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Should Apple unlock its iPhones? Judges Split on Apple's Public Responsibility

Should Apple make a way for law enforcement to access their iPhones? That question continues to play out in the courts, and could have a far-reaching effect on technology and privacy laws in the United States.

New York says no

In a recent state case, a federal judge in Brooklyn has voted that the FBI cannot compel Apple to unlock the iPhone of a suspected drug dealer. One reason for the decision that presiding Judge James Orenstein cited was that Congress has already rejected a bill that would require technology companies to give law enforcement access in these types of situations.

In California case, judge says yes

In a debate taking the national stage about personal privacy vs. public safety, Apple is facing a similar push in California, this time surrounding the shooter in the San Bernardino massacre. The simple explanation is that a federal judge has ordered Apple to unlock the shooter's iPhone, and Apple CEO Tim Cooke said no. But Apple is actually being asked to build a so-called "back door" for their ubiquitous phones, to give law enforcement access in this and future cases.

Apple says it would weaken their security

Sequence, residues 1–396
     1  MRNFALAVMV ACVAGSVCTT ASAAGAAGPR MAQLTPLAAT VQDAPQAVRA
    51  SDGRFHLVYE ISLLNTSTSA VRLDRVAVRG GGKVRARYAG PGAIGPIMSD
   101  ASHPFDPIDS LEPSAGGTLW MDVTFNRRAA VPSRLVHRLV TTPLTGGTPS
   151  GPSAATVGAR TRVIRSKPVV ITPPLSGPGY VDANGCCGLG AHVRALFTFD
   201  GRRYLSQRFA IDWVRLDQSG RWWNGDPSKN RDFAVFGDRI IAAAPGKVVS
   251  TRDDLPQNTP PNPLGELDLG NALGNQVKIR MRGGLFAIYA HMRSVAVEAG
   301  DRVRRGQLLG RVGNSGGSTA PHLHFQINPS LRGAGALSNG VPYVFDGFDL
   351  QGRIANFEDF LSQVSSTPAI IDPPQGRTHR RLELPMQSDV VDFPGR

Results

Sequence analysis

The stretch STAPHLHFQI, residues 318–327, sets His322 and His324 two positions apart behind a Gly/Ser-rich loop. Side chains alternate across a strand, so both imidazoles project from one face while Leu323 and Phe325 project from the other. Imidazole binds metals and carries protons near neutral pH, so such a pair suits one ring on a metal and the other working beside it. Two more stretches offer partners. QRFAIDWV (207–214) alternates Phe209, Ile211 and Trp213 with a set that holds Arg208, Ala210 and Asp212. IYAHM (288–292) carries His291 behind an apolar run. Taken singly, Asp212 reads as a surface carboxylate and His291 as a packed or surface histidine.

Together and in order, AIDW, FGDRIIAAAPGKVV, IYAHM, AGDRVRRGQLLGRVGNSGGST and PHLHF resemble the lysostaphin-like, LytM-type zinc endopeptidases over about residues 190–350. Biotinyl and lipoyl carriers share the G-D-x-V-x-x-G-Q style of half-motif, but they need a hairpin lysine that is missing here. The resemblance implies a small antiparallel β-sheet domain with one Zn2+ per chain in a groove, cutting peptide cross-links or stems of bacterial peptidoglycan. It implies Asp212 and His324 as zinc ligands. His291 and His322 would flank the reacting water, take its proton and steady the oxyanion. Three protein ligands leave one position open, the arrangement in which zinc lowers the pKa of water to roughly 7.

Apple has apparently been willing to assist law enforcement in other cases, but is resistant to creating a feature that leaves their devices more vulnerable to attack. Privacy advocates and other leading technology companies fear the implications if Apple is legally required to weaken their security at the behest of the government. Law enforcement agents cite the increasing digital footprint of crime and their concern that, without access to the information on the phones and computers of criminals like the San Bernardino shooter, there will be an increasing threat to public safety.

With the law, each case provides the opportunity to set precedent. If you do need an attorney, look for one that keeps abreast of all new developments in the law, and has the experience to try the most complex cases.


Williams, Pete, and Andrew Blankstein. "Apple Doesn't Have to Help FBI in New York IPhone Case, Judge Says." NBC News. 29 Feb. 2016. Web. 03 Mar. 2016. <>.

"A Privacy Advocate's View Of Ordering Apple To Help Unlock Shooter's IPhone." NPR. NPR, 17 Feb. 2016. Web. 04 Mar. 2016. <>.

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